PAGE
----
Once you’ve grinded the surface of the wood slightly, pour a fair amount of your mixture on and apply it with a brush to spread it evenly.

Once this one layer has dried, you might feel the need to add an additional layer or two. Before doing so, let the previous layer dry completely and then grind it slowly.

And that’s it, you’re done!

But be slow in your process because linseed oil has the tendency to dry very gradually.

Tung Oil

Tung oil comes from the chinese tung tree and has the reputation of being a great water sealant against water and food.

There are a lot of sealants present on the market that consist of a portion of raw tung oil with some added solvent.

If you want to prepare the mixture of wood sealant at home, you can also follow the same process described above for linseed oil, by replacing the latter one with tung oil.

Don’t forget that tung oil can be used raw and doesn’t need to be boiled. But it may only be suitable for smaller projects as it’s much more expensive than any other oils used for waterproofing wood.

Walnut Oil

Despite being great at making wood water resistant, walnut oil isn’t and can’t be used commercially on a large scale. This is because many people tend to have nut allergies and thus the product is dangerous to them.

If you’re not one of those people, then good for you! You can replace linseed oil and tung oil with walnut oil and use it as a sealant.

You will need to make the same mixture as stated above for the other oils. Once your sealant is prepared, you can go and use it on your wood.

You can apply as many coats as you desire, but never add another coat if you’re not sure that the previous layer is dry. No matter how long it takes, you need to be patient to get the best results.

Olive Oil

Olive oil offers a rather easy time when it comes to preparing a sealant. All you have to do is mix three parts olive oil and two parts lemon juice!

You can apply it the same way as the previous oils, but due to its thin consistency you can also just pour the mixture in a spray bottle and spray it over the surface you want to waterproof.

However, we recommend that you still make a few good brush strokes so that it is spread evenly.

How to Waterproof Wood

Some Popular Sealers

Here in this section, we’ve mentioned some of the most popular sealers that professionals recommend. If you use these sealers and apply them the same way as oil sealants, they will give you the best adherence and water resistance.

  • Polyurethane Sealants — A mixture of acrylics and polyurethane resins, along with some other solvents to give you the desired finish.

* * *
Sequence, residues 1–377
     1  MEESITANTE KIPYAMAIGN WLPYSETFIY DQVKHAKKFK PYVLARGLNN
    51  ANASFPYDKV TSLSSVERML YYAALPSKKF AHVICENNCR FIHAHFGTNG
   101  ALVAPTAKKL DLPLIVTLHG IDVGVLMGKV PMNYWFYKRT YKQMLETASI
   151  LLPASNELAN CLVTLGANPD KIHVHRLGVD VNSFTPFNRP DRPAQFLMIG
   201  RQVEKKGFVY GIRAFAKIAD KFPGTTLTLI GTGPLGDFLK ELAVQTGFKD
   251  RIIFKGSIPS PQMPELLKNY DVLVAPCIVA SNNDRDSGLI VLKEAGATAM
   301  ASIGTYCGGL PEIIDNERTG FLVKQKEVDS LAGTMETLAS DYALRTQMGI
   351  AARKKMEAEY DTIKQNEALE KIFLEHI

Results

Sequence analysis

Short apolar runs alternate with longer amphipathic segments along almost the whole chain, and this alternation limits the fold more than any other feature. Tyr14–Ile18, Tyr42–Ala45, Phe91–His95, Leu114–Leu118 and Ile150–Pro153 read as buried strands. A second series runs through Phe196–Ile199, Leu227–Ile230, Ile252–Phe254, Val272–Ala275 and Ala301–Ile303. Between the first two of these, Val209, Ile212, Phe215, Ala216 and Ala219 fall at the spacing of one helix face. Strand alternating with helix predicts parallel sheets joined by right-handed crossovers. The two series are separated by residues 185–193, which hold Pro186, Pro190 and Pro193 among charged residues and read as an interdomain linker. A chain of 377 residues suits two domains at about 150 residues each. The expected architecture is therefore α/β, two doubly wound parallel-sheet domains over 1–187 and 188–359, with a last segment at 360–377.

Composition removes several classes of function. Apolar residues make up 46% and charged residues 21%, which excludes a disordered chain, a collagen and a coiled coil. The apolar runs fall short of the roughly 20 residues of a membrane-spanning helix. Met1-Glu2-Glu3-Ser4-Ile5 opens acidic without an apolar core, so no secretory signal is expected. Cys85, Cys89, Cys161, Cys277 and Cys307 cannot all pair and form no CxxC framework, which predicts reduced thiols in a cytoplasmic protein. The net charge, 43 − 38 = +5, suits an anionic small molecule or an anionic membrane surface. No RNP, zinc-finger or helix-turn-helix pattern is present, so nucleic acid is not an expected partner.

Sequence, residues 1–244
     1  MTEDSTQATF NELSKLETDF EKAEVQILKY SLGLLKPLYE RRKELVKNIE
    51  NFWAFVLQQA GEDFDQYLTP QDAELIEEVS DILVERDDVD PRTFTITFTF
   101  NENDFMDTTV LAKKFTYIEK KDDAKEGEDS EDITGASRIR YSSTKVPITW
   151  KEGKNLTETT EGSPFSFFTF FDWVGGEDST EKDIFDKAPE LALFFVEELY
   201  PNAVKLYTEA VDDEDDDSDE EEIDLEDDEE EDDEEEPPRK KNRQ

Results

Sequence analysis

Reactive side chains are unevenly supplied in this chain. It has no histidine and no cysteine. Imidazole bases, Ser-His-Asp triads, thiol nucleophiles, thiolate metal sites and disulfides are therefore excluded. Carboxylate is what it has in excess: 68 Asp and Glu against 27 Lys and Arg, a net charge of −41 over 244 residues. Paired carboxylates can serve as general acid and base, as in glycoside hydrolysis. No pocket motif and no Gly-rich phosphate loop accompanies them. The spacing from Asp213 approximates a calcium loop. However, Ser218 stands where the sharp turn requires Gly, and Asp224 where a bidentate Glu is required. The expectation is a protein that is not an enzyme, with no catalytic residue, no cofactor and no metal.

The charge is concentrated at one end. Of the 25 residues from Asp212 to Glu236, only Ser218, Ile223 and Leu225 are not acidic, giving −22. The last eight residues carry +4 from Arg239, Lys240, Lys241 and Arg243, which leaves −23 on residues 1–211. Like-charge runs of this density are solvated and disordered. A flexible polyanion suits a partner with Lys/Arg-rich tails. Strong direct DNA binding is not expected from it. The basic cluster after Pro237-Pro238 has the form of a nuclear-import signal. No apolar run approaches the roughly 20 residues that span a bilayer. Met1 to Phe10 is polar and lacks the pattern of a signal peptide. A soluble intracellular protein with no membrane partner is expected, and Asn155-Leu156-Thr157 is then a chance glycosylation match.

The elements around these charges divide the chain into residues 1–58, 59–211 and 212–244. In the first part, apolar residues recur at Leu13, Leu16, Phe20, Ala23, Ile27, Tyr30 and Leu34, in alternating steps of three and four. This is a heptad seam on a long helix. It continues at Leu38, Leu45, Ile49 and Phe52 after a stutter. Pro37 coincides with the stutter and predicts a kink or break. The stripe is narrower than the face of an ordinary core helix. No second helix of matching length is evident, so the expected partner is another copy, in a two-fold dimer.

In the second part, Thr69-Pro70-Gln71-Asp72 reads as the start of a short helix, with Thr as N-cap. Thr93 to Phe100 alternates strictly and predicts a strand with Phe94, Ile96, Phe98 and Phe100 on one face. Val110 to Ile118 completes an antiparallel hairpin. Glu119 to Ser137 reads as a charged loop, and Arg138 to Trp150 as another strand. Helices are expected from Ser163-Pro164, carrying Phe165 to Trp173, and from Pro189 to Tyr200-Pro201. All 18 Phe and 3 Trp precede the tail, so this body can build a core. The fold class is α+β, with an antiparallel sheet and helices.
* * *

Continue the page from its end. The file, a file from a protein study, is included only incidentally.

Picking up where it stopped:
• Varnish Sealants — Usually purchased for marine applications, and includes resins, solvents, and drying oils.
  • Lacquer Sealants — Normally applied on furniture for a medium glossy finish and is made up of dissolved tree resin or synthetic resin in alcohol.

Best Wood Sealants in the Market Today

You might want to extend your search and look for professional, qualified wood sealers available instead of looking for solutions that are present at your home.

Wood sealants are readily available in home improvement stores. They’re usually specific for all the items they can be used on (like deck sealants, fence sealants, and furniture sealants) so it’s important to read the instructions before you end up buying one for yourself.

If you want water sealants for wood furniture that is outside of your home, or is generally exposed to the outside atmosphere, then your sealant needs to block UV rays along with humidity.

Sealers that qualify to do so are sometimes referred to as marine wood sealants.

To get it perfectly on the surface of your wood, the trick is to sand the surface first, and then use a paint brush to apply it evenly. When applying sealers, strictly follow all the stated application rules.

You can add a layer or two, depending on your need and the quality and thickness of the wood sealant. But between every coat, grind the surface to enhance adherence.

Frequently Asked Questions

How Long Does the Wood Waterproofing Last?

Typically, it lasts two years.

Of course, it varies depending on the quality and thickness of the sealant, as well as the number of layers. It’s safe to say that after two years, it’s recommended that you waterproof your wood again.

Is Staining the Same as Sealing or Waterproofing?

No.

Staining is a process only done to achieve an attractive look for the wood. Stained wood is not necessarily waterproof.

Sealing is a separate process that makes the surface of wood water resistant.

If you want, you can both stain and seal your wooden products, so you don’t have to make a choice between the two. In fact, there are even products that do both.

Conclusion

It’s completely true to say that sealing wood is as important as keeping your kids away from things that could potentially harm wood.

We don’t seem to notice the number of things that can damage our wood, so the least we can do is take precautionary measures to protect it so that any future mishaps can be wholly avoided.

All the methods above have been tested and qualified as working remedies. Now, you don’t have to worry about any stains being left to mark your new wooden furniture because with the water resistance qualities of sealed wood, you can just wipe the mess away.

With that being said, we hope this article was as useful for you as we intended it to be!